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I've been trying to configure the discord API discord.py and for the purpose of running the Red-MusicBot on my server. I've installed Python 3.5, and added the PATH variables (I clicked the "add Python to PATH" option in install). Here's what my path variables currently look like:

C:\Users\Corey Rigney\AppData\Local\Programs\Python\Python35\Scripts\
C:\Users\Corey Rigney\AppData\Local\Programs\Python\Python35\

Those are the only ones related to Python. Now, as part of discord.py's install process, it wants me to run this command in Git Bash:

$ git clone https://github.com/Rapptz/discord.py
$ cd discord.py
$ python3 -m pip install -U .[voice]

The first two lines work perfectly, but the third line returns:

bash: python3: command not found

I also cloned pip from GitHub as an attempted fix, although the python install site says it comes packaged with 3.5.

I'm running windows 10, 64-bit.

The overall goal of this is to install a discord music bot, if it would help I can post the errors I get when trying to run that.

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  • 2
    git-bash and bash are 2 absolutely different programs. also, have a look at this question – Aserre Dec 1 '16 at 15:19
  • Are you sure it is called python3 and not just python? – cdarke Dec 1 '16 at 15:20
  • @Aserre I looked at it and ran the 'env|grep PATH' command. It returned the two python paths mentioned above in the regular PATH section. – Yakman3 Dec 1 '16 at 15:24
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    The python executable is sometimes called python3 on some platforms, where the default (python) is the old python 2. OS X, for example. – cdarke Dec 1 '16 at 15:29
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    No! You installed 3.5 which is the current stable version. You are on Windows, so I would not expect there to be a python already there. On many UNIX-based (inc. Linux and OS X) systems, python 2 is used by system utilities, changing it could have bad consequences on those platforms, hence the name "python3". On Windows you should be fine - there are other issues on Windows but you won't get those unless you try to use more than one python version. – cdarke Dec 1 '16 at 15:34
29

On Windows the normal name for the python executable is python.exe (console program) or pythonw.exe (for GUI programs).

The python executable is sometimes called python3 on some platforms, where the default (python) is the old python 2. On many UNIX-based (inc. Linux and OS X) systems, python 2 is used by system utilities, changing it could have bad consequences on those platforms, hence the name "python3".

On Windows you should be fine - there are other issues on Windows but you won't get those unless you try to use more than one python version.

2
  • May I ask, I have installed and checked that I have Python version 3.6.5 within my Windows 10 system (checked from cmd with python --version). Now I need to run a python file that as the authors say should use the python3.6 baseline.py in order to execute it. I use git bash to run the code but when typing the aforementioned command I get the error bash: python3.6: command not found. If I use simply python baseline.py it seems as it tries to run..Is it wrong trying to execute it that way? – user2829319 May 12 at 12:06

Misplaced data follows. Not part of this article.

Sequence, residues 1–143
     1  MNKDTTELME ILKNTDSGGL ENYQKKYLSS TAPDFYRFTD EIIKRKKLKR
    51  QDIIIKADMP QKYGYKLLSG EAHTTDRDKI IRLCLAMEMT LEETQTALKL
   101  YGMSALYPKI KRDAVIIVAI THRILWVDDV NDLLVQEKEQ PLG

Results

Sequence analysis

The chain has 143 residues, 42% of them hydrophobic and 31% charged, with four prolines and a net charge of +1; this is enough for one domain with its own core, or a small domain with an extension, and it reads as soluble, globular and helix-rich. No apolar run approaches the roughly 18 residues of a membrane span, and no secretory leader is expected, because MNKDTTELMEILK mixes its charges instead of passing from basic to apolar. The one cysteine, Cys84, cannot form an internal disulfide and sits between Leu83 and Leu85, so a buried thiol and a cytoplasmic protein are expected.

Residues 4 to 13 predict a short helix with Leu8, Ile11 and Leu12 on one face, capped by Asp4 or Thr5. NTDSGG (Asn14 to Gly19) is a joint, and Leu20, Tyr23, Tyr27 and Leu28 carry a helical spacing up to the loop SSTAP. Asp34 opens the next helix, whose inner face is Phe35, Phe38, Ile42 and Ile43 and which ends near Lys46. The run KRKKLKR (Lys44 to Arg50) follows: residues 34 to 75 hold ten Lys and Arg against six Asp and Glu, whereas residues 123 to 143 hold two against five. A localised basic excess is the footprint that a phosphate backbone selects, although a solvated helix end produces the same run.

• You only need to run python baseline.py on Windows. That should suffice. – Rahul Mishra Jul 7 at 6:20
40

In the python installed("c:\\Installationpath\Python3.6.0") path you will find "python.exe", just copy paste in the same place and rename it as "python3.exe", now in the command prompt you can check python3 command should display your python installation. Don't forget to open a new terminal.

5
  • That helped me just copy paste in the same place and rename it as "python3.exe", now in the command prompt you can check python3 – Ibrahim Tayseer Jul 17 '19 at 13:21
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    Worked for me in 2019 – Callat Nov 3 '19 at 21:30
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    Fixed in less than 10 seconds. Appreciate it! Win10, VS code, Python 3.8 – Vaggelis Manousakis Jul 18 '20 at 16:33
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    such a simple yet beautiful solution – Younes EO Mar 23 at 8:10
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    That's a really bad suggestion, please don't do it if you want to avoid issues and wasted time in the future. It's bad because you would have to repeat it every time you're upgrading Python to a newer version. It's likely that you'll forget it and you'll end up with a broken or weirdly behaving Python. There are better sugestions in other answers, check them. You can for example create the python3.exe file as suggested in this answer, but instead of the copy of the Python interpreter, it's just a symbolic link (a pointer) to it. – David Ferenczy Rogožan May 8 at 9:26
17

In windows using git bash, python3 didn't worked for me:

$ python --version
Python 2.7.15

but if I use py

$ py --version
Python 3.8.1

doesn't know why, but It worked

2
  • 2
    I guess it is because you have both pythion2 and python3 installed. – ashish2199 May 16 '20 at 7:23